The Jewish communities in the galut are irrelevant to our future. The Rosh Yeshiva of Lakewood gives great Torah discourses and is greatly relevant to the student body of Lakewood; however, Lakewood Yeshiva itself is irrelevant to the future of our people. The heads of the yeshivot in Cleveland and Baltimore are great role figures for their yeshivot, however, their yeshivot are irrelevant to the future of our people. All these yeshivot and Jewish communities in the galut are exercises in futility because they are historically irrelevant.

One might be the kingpin in his community; the mainstay of Jewish life in Houston, Texas or Monroe NY, but these places are only dots on a map which are irrelevant to the future generations of our people, and their communities will probably no longer exist in a few decades.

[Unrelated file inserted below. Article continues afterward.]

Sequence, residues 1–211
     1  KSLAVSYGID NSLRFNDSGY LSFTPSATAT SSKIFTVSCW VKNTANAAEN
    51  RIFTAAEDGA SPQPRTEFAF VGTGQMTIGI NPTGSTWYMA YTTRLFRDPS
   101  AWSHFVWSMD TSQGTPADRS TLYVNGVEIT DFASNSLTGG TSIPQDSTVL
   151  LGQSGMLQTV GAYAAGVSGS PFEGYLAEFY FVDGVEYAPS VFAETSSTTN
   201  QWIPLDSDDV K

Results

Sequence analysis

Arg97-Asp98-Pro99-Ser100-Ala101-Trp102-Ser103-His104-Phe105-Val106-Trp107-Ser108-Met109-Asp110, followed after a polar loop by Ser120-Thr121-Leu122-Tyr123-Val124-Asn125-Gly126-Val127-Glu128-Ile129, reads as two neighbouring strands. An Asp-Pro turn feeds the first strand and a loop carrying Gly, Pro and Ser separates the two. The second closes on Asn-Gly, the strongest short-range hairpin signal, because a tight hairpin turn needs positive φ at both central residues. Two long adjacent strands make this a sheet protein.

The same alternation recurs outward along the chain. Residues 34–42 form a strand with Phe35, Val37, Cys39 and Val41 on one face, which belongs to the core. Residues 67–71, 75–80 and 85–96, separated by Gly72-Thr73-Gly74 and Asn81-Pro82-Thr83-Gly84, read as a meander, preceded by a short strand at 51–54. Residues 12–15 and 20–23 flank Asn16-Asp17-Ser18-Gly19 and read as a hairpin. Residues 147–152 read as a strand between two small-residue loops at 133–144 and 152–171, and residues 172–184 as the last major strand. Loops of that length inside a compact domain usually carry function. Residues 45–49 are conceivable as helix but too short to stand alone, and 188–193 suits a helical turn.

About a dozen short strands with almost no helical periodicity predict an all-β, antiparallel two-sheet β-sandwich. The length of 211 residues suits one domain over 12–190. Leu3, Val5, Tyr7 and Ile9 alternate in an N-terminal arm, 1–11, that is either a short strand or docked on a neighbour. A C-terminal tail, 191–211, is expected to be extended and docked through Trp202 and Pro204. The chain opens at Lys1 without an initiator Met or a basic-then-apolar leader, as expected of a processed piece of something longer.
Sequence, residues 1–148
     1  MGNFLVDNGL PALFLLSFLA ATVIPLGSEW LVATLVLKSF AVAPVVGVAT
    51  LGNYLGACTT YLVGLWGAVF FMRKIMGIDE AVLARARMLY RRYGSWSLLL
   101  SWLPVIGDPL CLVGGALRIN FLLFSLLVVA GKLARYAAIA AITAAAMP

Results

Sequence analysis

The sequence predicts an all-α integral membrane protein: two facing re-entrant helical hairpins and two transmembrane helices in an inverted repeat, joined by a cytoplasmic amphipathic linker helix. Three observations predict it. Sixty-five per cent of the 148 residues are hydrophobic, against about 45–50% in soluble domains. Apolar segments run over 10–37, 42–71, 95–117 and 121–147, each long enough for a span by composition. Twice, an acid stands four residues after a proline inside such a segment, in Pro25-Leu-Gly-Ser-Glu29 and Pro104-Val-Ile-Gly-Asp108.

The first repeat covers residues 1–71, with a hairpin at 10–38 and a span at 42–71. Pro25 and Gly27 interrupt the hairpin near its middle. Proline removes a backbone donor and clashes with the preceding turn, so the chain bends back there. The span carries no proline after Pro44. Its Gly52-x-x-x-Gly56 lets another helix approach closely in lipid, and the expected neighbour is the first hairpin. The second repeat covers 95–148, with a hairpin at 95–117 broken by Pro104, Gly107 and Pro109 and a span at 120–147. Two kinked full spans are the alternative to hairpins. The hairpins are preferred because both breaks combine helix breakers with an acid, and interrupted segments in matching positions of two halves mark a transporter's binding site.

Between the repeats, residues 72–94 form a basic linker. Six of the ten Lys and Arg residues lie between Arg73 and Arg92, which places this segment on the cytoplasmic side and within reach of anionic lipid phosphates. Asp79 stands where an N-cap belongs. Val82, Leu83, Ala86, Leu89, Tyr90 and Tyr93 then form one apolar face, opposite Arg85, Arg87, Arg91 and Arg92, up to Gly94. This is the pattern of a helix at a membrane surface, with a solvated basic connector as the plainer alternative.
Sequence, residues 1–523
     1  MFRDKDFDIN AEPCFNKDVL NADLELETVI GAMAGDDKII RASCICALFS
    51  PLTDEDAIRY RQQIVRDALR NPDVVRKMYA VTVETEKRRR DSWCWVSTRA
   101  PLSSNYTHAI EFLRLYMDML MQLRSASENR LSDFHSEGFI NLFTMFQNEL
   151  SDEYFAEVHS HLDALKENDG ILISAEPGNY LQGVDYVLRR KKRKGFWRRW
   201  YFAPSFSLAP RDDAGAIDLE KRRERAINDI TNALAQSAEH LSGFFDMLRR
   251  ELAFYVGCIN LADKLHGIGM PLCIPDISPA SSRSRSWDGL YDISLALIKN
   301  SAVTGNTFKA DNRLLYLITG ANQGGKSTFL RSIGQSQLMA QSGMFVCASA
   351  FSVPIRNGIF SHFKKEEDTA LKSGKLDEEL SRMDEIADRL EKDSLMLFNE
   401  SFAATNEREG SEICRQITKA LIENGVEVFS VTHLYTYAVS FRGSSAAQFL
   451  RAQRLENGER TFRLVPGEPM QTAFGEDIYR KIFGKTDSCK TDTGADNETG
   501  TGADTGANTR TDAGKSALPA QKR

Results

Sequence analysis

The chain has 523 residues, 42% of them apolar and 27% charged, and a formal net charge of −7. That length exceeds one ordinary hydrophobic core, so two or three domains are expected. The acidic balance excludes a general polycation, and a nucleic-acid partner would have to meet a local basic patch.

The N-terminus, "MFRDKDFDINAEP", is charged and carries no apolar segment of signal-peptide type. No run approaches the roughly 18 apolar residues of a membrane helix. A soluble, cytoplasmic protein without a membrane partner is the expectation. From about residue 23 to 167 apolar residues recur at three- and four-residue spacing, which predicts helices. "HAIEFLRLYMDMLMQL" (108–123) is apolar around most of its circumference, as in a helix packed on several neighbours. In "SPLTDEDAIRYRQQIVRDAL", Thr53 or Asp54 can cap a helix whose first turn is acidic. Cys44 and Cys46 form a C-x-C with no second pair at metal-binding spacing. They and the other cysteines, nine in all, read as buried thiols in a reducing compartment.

Taken all together, the net spiritual input and mighty efforts on the part of the spiritual leaders in the galut can be compared to a vehicle whose transmission is in neutral and the driver pushes the accelerator through the floor. It makes a lot of noise but goes nowhere! Full gas in neutral!

Now dear reader you might ask, how will my aliya make a difference? How can I personally achieve relevancy to the future of God’s people?

The Gemara in Ketubot 103b describes the impressive funeral of Rabbi Yehuda Hanasi:

ההוא יומא דאשכבתיה דרבי, נפקא בת קלא ואמרה: כל דהוה באשכבתיה דרבי מזומן הוא לחיי העולם הבא.